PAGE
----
The UAW and General Motors reached a tentative agreement late Sunday on a four-year labor contract just before a union-imposed midnight deadline, wrapping up a short but intense bargaining session and defusing, for now, any chance of a strike.
In a statement, the union said its bargaining committee “secured significant gains and job security protections” in the proposed pact, which still must be approved by local union officials.
It didn’t disclose details.
“We believe that this agreement will present stable long-term significant wage gains and job security commitments to UAW members now and in the future,” UAW President Dennis Williams said in the statement. “We look forward to presenting the details of these gains to local union leaders and the membership.”
GM confirmed the tentative deal, calling it “good for employees and the business” in a statement issued by Cathy Clegg, vice president of labor relations.
“We developed constructive solutions that benefit employees and provide flexibility for the company to respond to the needs of the marketplace,” she said.
The UAW said its bargaining committee unanimously agreed to send the tentative deal to local union leaders, who will meet in Detroit this Wednesday to vote on whether it should go to the rank and file for ratification. A vote would occur after that, probably over the course of several days, spilling into next week.
In the UAW’s statement, Cindy Estrada, the union vice president who led the GM negotiations, called the proposed pact “transformative” and said it would “provide certainty to our members and create a clear path for all GM employees now and in the future,” adding that it contains “significant job security commitments.”
The pact came after the UAW notified GM just Saturday that it would terminate the extended contract that it had been working under since Sept. 14, the initial deadline for an agreement to replace an expiring 2011 contract.
The union and GM said they won’t comment on the specifics of the deal until after the vote of local union leaders, known as the UAW National GM Council.
The union targeted GM second in its 2015 bargaining after establishing a pattern for new Detroit 3 contracts under an agreement with Fiat Chrysler Automobiles that was ratified last week.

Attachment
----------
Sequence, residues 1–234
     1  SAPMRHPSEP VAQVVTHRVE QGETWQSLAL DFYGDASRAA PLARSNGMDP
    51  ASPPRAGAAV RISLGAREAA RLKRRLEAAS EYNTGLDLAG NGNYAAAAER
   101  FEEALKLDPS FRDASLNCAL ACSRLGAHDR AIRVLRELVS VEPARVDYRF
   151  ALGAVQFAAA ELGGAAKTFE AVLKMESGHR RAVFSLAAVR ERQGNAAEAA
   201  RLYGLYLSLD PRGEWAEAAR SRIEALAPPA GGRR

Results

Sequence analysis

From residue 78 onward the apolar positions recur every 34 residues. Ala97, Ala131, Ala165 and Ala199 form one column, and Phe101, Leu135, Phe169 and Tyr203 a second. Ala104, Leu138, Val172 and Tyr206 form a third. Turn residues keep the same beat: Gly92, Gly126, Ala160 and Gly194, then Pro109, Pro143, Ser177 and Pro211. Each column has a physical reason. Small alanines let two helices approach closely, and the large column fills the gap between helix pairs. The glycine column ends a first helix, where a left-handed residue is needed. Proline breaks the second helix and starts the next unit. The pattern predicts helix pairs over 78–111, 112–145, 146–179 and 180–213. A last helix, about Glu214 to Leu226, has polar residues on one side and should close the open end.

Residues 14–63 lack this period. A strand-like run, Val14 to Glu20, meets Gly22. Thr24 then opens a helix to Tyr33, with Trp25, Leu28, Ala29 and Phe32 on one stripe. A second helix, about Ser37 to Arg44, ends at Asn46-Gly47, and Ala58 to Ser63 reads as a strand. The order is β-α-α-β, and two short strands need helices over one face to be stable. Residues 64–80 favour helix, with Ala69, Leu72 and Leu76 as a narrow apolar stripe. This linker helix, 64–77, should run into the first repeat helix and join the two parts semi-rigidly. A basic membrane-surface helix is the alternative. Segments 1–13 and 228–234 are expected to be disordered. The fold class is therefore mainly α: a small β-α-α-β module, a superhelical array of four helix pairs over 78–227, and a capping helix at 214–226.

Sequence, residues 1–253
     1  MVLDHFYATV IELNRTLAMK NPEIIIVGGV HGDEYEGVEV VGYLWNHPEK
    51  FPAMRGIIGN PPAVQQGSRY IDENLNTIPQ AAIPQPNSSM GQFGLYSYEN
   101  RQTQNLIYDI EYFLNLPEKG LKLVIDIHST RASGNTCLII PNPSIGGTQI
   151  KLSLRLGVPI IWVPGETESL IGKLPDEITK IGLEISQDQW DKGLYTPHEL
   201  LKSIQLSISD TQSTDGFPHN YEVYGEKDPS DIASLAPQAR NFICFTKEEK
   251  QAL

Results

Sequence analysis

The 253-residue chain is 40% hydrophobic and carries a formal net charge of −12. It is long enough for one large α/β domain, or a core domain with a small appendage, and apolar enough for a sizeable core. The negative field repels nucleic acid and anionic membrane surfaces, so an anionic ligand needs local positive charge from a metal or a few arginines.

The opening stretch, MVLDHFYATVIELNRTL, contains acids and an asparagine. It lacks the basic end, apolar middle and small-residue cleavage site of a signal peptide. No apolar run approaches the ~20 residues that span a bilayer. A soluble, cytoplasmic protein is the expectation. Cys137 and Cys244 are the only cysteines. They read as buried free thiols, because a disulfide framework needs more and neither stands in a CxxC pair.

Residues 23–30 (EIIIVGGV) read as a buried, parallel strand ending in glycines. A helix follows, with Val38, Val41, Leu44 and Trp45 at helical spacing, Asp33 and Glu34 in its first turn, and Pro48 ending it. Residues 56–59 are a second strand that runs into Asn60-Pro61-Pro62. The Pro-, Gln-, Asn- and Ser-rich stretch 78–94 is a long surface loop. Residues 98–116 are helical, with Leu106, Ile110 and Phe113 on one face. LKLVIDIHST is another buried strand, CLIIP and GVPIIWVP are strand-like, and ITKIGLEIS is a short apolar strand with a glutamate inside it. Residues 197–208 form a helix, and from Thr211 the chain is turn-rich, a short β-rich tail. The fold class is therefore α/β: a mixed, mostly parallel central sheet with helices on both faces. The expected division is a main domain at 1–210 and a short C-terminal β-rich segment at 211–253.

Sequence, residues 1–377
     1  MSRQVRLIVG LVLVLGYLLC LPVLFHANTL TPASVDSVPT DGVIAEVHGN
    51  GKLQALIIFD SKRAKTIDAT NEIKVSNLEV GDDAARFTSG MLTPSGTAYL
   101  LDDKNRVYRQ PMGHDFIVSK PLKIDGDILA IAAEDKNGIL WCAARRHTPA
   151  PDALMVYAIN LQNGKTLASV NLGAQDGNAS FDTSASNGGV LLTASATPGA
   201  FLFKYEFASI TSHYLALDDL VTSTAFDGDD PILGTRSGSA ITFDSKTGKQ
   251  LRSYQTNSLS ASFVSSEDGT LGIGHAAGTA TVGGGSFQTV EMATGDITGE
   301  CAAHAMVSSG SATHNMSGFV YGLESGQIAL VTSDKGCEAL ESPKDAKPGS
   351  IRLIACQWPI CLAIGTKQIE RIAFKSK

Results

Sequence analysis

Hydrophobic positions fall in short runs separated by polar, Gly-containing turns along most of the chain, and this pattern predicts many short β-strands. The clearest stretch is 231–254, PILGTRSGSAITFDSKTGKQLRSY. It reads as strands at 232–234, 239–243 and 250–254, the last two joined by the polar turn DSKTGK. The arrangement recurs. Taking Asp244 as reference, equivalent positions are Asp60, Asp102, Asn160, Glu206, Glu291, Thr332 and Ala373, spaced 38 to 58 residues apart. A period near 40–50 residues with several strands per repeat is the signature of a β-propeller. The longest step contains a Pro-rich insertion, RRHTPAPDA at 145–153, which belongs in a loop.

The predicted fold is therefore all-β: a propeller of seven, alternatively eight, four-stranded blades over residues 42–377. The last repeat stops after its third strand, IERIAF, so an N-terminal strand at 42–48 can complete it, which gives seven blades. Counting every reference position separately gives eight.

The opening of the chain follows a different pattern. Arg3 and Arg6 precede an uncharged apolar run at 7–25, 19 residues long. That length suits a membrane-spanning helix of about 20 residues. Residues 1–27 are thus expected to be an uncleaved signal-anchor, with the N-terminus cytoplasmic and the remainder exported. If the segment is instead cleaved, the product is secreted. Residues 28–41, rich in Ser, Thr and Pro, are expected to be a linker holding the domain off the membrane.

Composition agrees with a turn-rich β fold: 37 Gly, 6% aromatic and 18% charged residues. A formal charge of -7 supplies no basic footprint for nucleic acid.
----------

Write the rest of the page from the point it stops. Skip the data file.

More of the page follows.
The deal with FCA provides substantial wage increases for both entry level, so-called Tier 2 workers, as well as legacy Tier 1 employees. It secured one of the UAW’s top goals going into the talks — the elimination of the two-tier wage scale — that will see entry level workers reach the top wage of $30 per hour under an eight-year grow-in period.
Tier 1 workers also got their first pay increase in more than a decade. They’ll receive a 3 percent increase in the contract’s first and third years, with lump-sum bonuses of $2,400 and $2,500 in years two and four.
Although analysts expected the FCA deal to serve as a template for the union’s tentative accord with GM, and eventually Ford, it’s unclear for now whether those provisions made it in.
Tier 1 employees account for far more of GM’s UAW work force of 52,600 — about 80 percent, vs. just less than 60 percent for FCA. Gaining the support of those legacy employees will be key to getting the GM pact ratified.
Analysts had expected the union to demand a sweeter deal from GM, which is larger and more profitable than FCA. Just last week GM posted a $3.1 billion pretax operating profit for the third quarter, its highest result since well before its 2009 bankruptcy.
GM negotiators were likely to point out that its workers have been paid far more in profit-sharing checks over the life of the current contract — about $30,000 total, vs. about $9,000 for FCA workers.
GM also emphasized plant investments and job creation and security in the talks. Over the spring and summer, executives traveled to several manufacturing plants throughout the country to announce a combined $5.4 billion in factory improvements planned over the next three years.
Had a deal not been reached and a strike called, it would have been the first time the UAW had struck a Detroit 3 automaker over wages and benefits during national negotiations since brief walkouts, first at General Motors, then at Chrysler, in the fall of 2007.
Under Chrysler and GM’s U.S. government bailouts in 2009, the union was prohibited from striking the two companies during the 2011 round of labor talks.